Those who know Prime Minister Kyriakos Mitsotakis know almost immediately that his move to inform on March 1 the Plenary Session of the Parliament about the Russian invasion of Ukraine - the Greek attitude towards this event was not at all accidental.
The Prime Minister wanted to send specific messages in different directions, but also to clearly state the ideological and geopolitical background of his choice of not only to side with Kiev, but also to send military aid to the government of Volodymyr Zelensky.
The key word that sums up Mr. Mitsotakis' "belief" in relation to his position on the Ukrainian Question is revisionism.
"Either you are with peace and international law or you are against them" was the first critical phrase that the careful observer must pick from the Prime Minister's prologue.
The second followed a little later: "We will not allow any imitator of revisionism to operate in our region." And the recipient, even if he was not named, was one: Turkey.
There is no doubt that Vladimir Putin's decision to invade Ukraine militarily dispelled all of Europe's post-Cold War illusions.
In our neighbourhood, however, in Southeastern Europe and the Eastern Mediterranean, the proximity to the unpredictable and revising Turkey has created a different geopolitical vigilance.
"We are a people that 48 years later still lives with the open wound of Cyprus," said Mr. Mitsotakis in Parliament. "And who is called upon to respond to constant reports of alleged injustices of the International Treaties concerning the Aegean islands."
"So we cannot stand indifferent to every authoritarian leader who wants to draw the borders himself," he continued, adding: "Therefore, equal distances do not fit here."
In the frame the hegemonic ambitions of Ankara
People who know the Prime Minister's way of thinking emphasise that he considers events in Ukraine as a turning point that undoubtedly concerns the expressed regional hegemonic ambitions of Ankara.
How easy it will be now, when Moscow decided to overthrow the territorial integrity and sovereignty of Ukraine, to find suitable ground in Europe.
Beyond that is the Turkish arguments for Greece's "conditional sovereignty" over the Eastern Aegean and Dodecanese islands.
"I think everyone today has realised that revisionism in practice can come at a huge cost, noted Mr. Mitsotakis.
Athens is not complacent and sends messages
Of course, this does not mean that Athens is complacent, as Ankara is still playing the "card" of the "evasive neutral" - in the classic definition of Frank Weber - balancing Russia and the West.
But it does not close doors.
Responding to the leader of the official opposition, Alexis Tsipras, Mr. Mitsotakis appeared ready to even meet with Turkish President Recep Tayyip Erdoğan, as "indeed this circumstance may have justified such a meeting to discuss issues which concerns both the southeastern wing of NATO and the way in which we perceive the new challenges that the Ukrainian crisis has created."
This does not mean, of course, that a contact between the two leaders could not be made by telephone.
In fact, it might have helped to send a message that the tones that have risen a lot lately in Greek-Turkish relations have fallen - an element shared by circles in the neighbouring country as well.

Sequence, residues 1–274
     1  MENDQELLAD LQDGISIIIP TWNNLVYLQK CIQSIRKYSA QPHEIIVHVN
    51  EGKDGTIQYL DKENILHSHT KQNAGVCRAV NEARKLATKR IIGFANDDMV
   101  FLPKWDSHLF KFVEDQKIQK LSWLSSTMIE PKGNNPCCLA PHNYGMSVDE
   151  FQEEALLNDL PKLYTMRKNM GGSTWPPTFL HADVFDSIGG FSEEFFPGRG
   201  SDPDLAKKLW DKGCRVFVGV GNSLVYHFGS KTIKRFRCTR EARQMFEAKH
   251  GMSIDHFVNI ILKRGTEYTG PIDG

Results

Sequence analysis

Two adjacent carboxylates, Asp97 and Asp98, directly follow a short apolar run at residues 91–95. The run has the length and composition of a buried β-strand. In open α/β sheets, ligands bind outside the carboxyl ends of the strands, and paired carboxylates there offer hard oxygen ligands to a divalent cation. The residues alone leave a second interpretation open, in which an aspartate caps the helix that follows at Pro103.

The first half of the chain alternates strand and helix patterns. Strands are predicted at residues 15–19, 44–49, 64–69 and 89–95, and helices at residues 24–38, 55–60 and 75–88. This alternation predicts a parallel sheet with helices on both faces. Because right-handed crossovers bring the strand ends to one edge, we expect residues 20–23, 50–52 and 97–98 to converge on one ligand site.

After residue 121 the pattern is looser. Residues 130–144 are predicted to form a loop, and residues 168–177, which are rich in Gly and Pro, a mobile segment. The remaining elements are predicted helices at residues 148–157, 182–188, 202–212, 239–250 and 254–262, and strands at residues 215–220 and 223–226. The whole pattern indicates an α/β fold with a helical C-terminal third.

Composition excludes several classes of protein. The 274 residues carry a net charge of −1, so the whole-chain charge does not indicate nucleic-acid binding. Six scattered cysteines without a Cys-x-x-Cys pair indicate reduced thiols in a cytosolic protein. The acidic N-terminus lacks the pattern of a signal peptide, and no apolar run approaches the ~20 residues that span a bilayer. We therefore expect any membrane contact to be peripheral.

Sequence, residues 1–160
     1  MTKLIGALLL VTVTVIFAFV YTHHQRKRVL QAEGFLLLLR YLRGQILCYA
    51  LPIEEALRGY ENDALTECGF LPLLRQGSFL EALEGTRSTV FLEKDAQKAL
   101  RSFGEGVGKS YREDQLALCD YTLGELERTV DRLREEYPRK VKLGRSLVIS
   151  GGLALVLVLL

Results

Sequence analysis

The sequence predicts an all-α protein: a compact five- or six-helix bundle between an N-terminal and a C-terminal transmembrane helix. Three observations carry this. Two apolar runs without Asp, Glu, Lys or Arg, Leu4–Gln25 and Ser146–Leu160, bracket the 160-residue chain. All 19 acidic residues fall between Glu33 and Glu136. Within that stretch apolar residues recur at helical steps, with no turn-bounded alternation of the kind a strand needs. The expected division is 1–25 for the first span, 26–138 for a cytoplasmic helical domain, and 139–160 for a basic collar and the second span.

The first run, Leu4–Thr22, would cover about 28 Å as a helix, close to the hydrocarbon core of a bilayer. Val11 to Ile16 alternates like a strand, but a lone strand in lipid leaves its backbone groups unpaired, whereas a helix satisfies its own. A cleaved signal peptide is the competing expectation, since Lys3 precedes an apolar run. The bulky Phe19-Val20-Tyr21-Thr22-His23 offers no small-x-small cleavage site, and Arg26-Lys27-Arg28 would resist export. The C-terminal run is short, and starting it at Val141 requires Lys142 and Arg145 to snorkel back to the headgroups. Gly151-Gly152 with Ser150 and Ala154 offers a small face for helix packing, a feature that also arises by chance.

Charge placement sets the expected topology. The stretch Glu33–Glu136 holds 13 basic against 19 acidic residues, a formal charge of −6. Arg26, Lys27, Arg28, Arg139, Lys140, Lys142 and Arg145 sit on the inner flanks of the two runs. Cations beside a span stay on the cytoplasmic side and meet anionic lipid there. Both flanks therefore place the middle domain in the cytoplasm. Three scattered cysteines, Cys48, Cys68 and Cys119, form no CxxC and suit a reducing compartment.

Eligibility for increased defence spending
However, the belief that prevails at the Maximos Palace is that Greece has been placed correctly on the current geopolitical chessboard.
"The attitude of our country in this crisis is a product of our own historical experiences, but it is also a product of our great geopolitical choices. Konstantinos Karamanlis had said that 'We belong to the West'. I also add that we are also Western," said Mr. Mitsotakis.
The Prime Minister considers that developments in Ukraine justify two of his main choices in the field of foreign policy and security.
This is namely the increase of defence spending and the signing of the strategic cooperation agreement with France as a clear manifestation of the urgent need to strengthen Europe's strategic autonomy.
His environment also raises a measured optimism that the proposal to exclude defence spending from the countries' budgets will be very seriously discussed in the light of Berlin's recent decision to invest deeply in military equipment.
The Greek stance is a diplomatic investment
It is a clear choice of Athens to side with its Western allies in the Ukrainian crisis, as well as to send aid, which is another parameter that must be taken into account.
"If we do not show practical solidarity today in a country that is under armed attack by an enemy of democracy and freedoms, with what moral standing will we ask tomorrow if we, the non-genuine, need solidarity from the Western world?" stressed the Prime Minister.
The Greek stance is therefore a diplomatic investment that should not be overlooked.
After all, it is not uncommon in the past for Greece to seek the support of its partners, but on the basis of a narrow framework that never exceeded the national interest.
The thorns of power and energy prices
The Prime Minister has no illusions about the difficulties posed by the Russian invasion of the energy sector - and more specifically in two aspects: security of supply and energy prices.
And if for the second aspect substantial support measures have been taken by the government while initiatives at European level are also expected, the aspect of food security can offer opportunities in Athens.
Plans for the construction of a second floating gas regasification station (FSRU) off Alexandroupolis.